equality

Shelter Settlement Spawns New Policies to Support Transgender Homeless

Stevin Bonifacio says he suffered anti-transgender discrimination while navigating the city’s shelter system.
Stevin Bonifacio says he suffered anti-transgender discrimination while navigating the city’s shelter system. Photo: Courtesy of the New York City Anti-Violence Project

The city Department of Homeless Services is revamping how it deals with transgender and gender-nonconforming residents at its 447 shelters, four years after a transgender man filed a discrimination complaint with the city Commission on Human Rights.

A settlement in that case last month, secured by the New York City Anti-Violence Project on behalf of client Stevin Bonifacio, requires all staff at DHS and its programs to be trained on the new policies.

The Bronx-based Acacia Network, which was named in the complaint and is the city’s second-largest shelter provider, will be required to designate a housing specialist to work with lesbian, gay, bisexual, transgender and intersex clients for three years and for the next two years must report any claims of gender-based discrimination to the commission.

In addition, the settlement provides for an update to the guide for DHS peace officers, directing them to use individuals’ preferred personal pronouns.

“In the middle of homelessness, people don’t need to be treated like they are subhuman,” Bonifacio, 29, told THE CITY. He said he was called a “liability” and ultimately forced to leave a Jamaica, Queens, men’s shelter in June 2015 after telling a staff member he was transgender.

“To really go about overcoming homelessness, people need to be treated with respect,” he added. “People are already in a situation where self-esteem is low, morale is low, so why add insult to injury?”

Called a ‘Liability’

On the books, New York City already had some of the strongest gender-identity protections of any U.S. municipality, according to Hilal Khalil, an attorney at the Anti-Violence Project. Ensuring they’re followed is another matter, he says.

Last year, Acacia was part of a Commission on Human Rights settlement after a complaint alleging it for forced transgender women to reside with men in drug treatment facilities.

“At AVP, we’ve been hearing many cases of harassment and discrimination within the shelter system,” Khalil said. “However, unlike many of our other clients, [homeless people] don’t have the financial means or ability to take on a huge institution like DHS.”

Bonifacio’s challenges in the shelter system began when the Department of Homeless Services abruptly transferred him from an Acacia-run shelter after he revealed his gender identity to an employee.

“I was asked about my status, and then they just used that against me,” he said.

When he asked why staff members wanted him out of the Queens shelter, he was told that he was “a liability,” he said — “and those were the exact words.”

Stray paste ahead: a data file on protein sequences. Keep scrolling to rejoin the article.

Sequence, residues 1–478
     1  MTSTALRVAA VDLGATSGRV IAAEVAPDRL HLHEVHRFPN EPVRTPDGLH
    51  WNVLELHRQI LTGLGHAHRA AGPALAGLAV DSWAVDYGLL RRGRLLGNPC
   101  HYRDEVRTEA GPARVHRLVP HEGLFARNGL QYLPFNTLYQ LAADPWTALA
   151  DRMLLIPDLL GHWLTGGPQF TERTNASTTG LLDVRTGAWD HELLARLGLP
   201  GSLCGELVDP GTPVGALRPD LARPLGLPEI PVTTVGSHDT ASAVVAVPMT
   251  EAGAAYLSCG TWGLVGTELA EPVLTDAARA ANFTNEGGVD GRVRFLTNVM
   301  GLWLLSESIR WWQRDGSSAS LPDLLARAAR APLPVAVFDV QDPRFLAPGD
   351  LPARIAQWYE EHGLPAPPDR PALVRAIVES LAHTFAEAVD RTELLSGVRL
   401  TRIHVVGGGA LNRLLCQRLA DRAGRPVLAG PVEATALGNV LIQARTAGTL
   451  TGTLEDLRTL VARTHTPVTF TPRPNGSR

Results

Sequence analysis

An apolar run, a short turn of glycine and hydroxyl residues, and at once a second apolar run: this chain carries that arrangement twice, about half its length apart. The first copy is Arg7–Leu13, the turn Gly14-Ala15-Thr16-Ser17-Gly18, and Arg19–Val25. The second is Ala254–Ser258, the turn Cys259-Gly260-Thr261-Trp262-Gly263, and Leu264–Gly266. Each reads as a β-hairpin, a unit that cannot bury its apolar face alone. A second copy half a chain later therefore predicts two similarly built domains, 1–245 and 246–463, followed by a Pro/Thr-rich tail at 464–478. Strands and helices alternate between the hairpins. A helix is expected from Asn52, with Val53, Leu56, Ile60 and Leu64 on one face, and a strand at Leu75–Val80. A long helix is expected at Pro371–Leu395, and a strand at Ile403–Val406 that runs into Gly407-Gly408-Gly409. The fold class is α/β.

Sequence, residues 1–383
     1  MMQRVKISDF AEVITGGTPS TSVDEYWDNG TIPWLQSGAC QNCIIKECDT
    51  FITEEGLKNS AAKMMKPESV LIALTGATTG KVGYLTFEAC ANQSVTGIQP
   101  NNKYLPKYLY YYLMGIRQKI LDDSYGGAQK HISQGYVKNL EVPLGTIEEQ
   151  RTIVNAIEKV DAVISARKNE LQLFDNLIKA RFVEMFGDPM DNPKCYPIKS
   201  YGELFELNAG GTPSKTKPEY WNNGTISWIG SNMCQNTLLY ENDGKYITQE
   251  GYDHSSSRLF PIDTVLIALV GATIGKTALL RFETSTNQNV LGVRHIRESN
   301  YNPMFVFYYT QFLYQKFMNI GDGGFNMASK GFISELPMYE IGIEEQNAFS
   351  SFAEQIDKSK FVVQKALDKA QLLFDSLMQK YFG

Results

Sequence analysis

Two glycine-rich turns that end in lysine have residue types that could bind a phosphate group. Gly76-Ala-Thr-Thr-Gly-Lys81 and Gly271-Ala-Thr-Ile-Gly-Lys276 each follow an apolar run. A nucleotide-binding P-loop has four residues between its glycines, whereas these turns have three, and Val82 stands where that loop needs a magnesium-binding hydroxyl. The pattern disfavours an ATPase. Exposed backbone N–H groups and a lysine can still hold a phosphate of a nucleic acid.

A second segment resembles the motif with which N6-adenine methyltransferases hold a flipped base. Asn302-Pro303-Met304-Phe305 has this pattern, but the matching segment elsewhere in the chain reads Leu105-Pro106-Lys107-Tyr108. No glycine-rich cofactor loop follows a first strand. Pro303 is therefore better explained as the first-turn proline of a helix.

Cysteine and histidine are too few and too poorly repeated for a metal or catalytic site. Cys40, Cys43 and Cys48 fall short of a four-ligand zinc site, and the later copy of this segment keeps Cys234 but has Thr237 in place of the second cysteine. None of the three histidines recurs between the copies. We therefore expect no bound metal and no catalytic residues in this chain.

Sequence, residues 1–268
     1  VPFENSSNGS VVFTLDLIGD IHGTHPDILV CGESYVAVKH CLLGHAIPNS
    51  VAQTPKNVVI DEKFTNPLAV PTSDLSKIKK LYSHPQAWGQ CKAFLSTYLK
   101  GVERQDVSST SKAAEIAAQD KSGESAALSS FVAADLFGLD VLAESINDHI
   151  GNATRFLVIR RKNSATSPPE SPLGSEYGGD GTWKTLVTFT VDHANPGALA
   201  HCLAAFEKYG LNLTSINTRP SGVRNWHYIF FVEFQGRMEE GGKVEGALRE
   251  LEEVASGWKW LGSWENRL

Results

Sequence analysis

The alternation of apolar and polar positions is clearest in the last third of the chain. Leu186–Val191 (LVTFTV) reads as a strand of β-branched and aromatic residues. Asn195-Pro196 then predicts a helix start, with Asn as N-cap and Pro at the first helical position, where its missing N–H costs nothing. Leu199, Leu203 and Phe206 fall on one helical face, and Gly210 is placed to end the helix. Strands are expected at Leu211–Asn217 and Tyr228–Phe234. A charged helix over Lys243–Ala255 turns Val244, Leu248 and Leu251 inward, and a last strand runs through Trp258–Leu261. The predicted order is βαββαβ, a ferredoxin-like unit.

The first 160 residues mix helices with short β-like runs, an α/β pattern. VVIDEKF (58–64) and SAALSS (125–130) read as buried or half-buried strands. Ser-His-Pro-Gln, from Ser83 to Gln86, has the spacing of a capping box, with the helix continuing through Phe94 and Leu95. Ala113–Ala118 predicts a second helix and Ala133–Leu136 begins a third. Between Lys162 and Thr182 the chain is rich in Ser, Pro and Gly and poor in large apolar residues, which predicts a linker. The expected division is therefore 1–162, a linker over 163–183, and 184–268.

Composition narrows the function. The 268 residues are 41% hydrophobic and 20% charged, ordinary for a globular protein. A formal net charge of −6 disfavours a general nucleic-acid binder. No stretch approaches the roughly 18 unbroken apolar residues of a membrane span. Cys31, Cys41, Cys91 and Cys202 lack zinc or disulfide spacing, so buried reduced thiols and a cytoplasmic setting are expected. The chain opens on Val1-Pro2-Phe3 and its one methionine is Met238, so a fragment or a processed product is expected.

“I don’t see how I could ever be a ‘liability,’ ” Bonifacio added. “Trans people are not a ‘liability,’ period. We’re just not. How are we a ‘liability’ for simply existing?”

Three days after Bonifacio was transferred, he left the second shelter, near JFK Airport. He felt unsafe at the new location, which was far from a culinary school he attended and lacked air conditioning, even in the hot July weather.

Following a short stay with a friend — and just after submitting his complaint to the Commission on Human Rights — he returned to the shelter system, this time to a site in Washington Heights.

There was a problem there, too. DHS officers picked him up because of an outstanding warrant, he said, and he was outed as transgender when his former name was used in front of others. Bonifacio had legally changed his name, he said, and showed officers the documents illustrating that.

“I was outed. And I tried to get them to transfer me because it caused a safety issue,” he said.

It took days, and a visit to DHS’ downtown office, for him to secure a requested safety transfer.

“They just put me on my way with a MetroCard,” bound for a shelter in New Lots, Brooklyn, he said.

Systematic Inclusion

Steven Banks, commissioner of the Department of Social Services, which includes DHS, agreed that Bonificio was treated terribly.

“What happened to that client did not reflect our values,” said Banks.

To develop the new policies — which urge staff to avoid terms like “drag queen” and directs them to make official record of each individual’s preferred name — DHS partnered with social and legal services providers and groups like the Sylvia Rivera Law Project and AVP, as well as transgender and gender-nonconforming clients, Banks said.

The result is “the most comprehensive policy in the nation for providing shelter services to trans and nonbinary people,” according to Banks. “This individual case highlighted the urgency of doing the right thing.”

“The Acacia Network is committed to supporting everyone who walks through our doors equally,” said a spokesperson for the Acacia Network. “We take great care in providing for our neighbors in need — regardless of gender, race, religion, ethnicity, or income. We diligently adhere to the policies of the City’s Department of Homeless Services and strive every day to improve the lives of our fellow New Yorkers.”

Bonifacio ultimately received a voucher for an apartment and settled in The Bronx. He received $55,000 as part of the lawsuit settlement and plans to open a pizzeria that would train and hire LGBTQ employees.

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